British and French troops parachute together
This was published under the 2010 to 2015 Conservative and Liberal Democrat coalition government
British and French troops have performed parachute jumps using each other's aircraft and equipment as they work towards a closer relationship.
Exercise Eagles Vol saw soldiers from Colchester-based 16 Air Assault Brigade jump alongside their French counterparts from 11e Brigade Parachutiste (11e BP) in Pau, South West France, on Thursday 5 July.
Both brigades provide their armies’ rapid reaction forces, held at high readiness to deploy on operations anywhere in the world. They have been tasked to develop a Combined Joint Expeditionary Force for contingency operations ranging from disaster relief to war-fighting.
The exercise saw British paratroopers jump wearing French Ensemble de Parachutage Individuel parachutes from a French C-160 Transall aircraft, while French troops jumped from an RAF C-130 Hercules with British low-level parachutes. By doing the jumps, the soldiers earned the other country’s parachute wings, with a presentation ceremony held on the drop zone.
Experts from the Joint Air Delivery Test and Evaluation Unit also inspected the vehicles and equipment used by 11e BP for airborne operations to assess what could be transported in British aircraft on a joint mission.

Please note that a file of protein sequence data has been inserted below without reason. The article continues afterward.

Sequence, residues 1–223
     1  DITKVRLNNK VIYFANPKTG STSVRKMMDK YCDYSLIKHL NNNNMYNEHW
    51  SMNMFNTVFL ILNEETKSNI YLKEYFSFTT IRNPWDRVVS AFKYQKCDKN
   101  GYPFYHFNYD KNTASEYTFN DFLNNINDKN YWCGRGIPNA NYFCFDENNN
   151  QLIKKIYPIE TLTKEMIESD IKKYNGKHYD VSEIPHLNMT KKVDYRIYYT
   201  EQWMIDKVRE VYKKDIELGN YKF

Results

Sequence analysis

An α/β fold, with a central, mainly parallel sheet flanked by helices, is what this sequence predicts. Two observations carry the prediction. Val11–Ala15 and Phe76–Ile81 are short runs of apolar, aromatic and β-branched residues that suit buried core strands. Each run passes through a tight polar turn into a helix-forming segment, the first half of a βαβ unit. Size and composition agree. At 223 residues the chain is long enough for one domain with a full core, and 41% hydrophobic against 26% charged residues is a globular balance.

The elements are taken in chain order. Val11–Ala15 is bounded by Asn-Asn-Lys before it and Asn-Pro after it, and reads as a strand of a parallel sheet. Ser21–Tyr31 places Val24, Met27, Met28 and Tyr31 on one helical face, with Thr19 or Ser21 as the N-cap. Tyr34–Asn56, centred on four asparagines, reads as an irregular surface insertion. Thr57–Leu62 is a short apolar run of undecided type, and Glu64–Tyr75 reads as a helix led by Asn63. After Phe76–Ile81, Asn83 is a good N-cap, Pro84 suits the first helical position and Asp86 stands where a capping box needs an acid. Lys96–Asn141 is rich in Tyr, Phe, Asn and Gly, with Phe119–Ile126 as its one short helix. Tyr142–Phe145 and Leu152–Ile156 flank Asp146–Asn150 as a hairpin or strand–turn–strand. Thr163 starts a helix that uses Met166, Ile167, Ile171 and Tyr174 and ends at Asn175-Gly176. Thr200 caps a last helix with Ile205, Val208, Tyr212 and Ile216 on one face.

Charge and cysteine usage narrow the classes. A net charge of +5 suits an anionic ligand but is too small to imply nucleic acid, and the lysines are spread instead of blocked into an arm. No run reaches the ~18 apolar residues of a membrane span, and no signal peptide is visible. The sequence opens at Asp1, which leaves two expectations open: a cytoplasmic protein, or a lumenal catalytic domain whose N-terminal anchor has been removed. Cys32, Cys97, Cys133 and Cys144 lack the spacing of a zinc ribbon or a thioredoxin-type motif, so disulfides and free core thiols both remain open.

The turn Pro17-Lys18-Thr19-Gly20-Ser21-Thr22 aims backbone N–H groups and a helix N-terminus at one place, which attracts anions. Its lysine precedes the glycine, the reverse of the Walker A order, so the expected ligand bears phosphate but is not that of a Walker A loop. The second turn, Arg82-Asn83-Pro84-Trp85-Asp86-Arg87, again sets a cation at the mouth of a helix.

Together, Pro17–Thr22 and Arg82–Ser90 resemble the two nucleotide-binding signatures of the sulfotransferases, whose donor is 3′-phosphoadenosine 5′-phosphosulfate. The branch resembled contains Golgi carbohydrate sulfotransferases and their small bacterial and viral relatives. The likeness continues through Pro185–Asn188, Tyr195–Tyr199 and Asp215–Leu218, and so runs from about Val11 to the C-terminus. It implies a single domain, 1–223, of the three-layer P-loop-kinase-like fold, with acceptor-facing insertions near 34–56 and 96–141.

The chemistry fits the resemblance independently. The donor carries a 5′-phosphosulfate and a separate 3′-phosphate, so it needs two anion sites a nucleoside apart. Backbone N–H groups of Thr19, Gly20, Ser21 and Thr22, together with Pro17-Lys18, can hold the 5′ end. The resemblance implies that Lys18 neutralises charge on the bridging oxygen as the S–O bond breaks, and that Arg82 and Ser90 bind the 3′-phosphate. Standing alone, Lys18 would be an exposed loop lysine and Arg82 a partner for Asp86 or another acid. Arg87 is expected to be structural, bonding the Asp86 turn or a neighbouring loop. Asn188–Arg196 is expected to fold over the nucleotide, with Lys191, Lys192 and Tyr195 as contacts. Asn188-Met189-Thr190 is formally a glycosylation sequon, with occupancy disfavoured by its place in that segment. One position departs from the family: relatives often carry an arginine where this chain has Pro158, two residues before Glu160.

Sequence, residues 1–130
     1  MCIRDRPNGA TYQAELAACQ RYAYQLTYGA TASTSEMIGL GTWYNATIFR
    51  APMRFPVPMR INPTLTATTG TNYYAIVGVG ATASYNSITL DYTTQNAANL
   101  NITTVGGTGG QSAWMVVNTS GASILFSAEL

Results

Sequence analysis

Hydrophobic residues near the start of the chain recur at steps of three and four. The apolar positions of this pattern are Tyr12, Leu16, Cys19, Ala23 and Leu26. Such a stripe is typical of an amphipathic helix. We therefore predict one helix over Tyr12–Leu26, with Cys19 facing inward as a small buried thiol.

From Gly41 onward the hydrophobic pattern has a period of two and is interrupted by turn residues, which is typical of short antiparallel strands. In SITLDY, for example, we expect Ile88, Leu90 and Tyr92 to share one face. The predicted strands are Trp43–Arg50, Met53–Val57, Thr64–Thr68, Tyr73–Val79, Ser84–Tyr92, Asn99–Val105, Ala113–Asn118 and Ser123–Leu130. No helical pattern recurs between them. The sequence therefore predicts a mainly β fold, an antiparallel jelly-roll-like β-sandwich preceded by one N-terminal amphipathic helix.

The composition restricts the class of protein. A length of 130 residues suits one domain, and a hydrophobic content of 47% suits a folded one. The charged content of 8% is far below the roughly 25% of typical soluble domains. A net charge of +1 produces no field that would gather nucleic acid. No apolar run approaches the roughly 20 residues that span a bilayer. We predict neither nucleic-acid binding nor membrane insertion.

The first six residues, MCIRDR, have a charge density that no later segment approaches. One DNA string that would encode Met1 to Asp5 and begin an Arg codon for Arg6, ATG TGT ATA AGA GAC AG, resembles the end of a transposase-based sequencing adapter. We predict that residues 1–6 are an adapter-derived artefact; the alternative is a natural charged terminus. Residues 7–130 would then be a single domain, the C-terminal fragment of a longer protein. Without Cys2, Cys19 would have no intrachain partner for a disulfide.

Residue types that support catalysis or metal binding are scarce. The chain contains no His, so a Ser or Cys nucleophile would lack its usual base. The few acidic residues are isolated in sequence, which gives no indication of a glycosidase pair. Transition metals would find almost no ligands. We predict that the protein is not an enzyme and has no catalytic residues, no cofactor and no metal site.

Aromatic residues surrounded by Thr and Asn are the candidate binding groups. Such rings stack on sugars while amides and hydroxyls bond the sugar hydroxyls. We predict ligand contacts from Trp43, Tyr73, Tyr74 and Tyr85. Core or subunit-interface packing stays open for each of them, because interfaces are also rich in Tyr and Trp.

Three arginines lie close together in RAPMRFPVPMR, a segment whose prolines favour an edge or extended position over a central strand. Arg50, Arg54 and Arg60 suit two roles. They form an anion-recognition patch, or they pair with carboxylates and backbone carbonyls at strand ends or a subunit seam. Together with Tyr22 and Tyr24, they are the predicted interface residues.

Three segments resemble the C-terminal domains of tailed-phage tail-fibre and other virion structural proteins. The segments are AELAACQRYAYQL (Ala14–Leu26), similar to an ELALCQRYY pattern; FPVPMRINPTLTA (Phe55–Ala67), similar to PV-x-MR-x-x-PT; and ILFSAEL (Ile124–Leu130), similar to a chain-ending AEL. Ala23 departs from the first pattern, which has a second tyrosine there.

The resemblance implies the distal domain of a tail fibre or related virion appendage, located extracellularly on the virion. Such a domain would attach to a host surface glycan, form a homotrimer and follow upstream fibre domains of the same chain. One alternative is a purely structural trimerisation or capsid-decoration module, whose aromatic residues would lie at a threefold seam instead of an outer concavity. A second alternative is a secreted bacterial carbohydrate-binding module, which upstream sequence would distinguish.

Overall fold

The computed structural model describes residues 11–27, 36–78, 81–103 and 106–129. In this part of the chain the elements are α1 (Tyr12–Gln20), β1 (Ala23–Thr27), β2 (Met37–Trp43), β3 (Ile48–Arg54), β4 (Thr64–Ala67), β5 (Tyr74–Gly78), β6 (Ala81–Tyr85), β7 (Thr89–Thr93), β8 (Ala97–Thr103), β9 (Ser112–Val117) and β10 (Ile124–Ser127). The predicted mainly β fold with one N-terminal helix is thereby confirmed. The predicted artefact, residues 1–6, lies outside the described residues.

Colonel Andrew Jackson, Deputy Commander of 16 Air Assault Brigade, said:
This exercise has been a major practical step forward in developing our relationship with 11e Brigade Parachutiste, which shares a very similar role and outlook to 16 Air Assault Brigade.
As airborne troops, there is no better way for us to get to know each other than to parachute together. It has been valuable to see each other’s equipment and procedures, both on the ground and in the air, and learn from the different approaches we take to the same challenges.
Colonel Xavier Vanden Neste, Deputy Commander of 11e BP, said:
We are glad to welcome our British brothers-in-arms of the famous 16 Air Assault Brigade to the French parachute training school in Pau.
A common parachute session is a major opportunity to improve our interoperability and to prepare ourselves technically, physically and psychologically for a future common commitment, hopefully on operations.
The partnership between the two brigades is part of closer military cooperation between Britain and France following the signing of the Defence and Security Cooperation Treaty in November 2010.
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Published: 10 July 2012
From: Ministry of Defence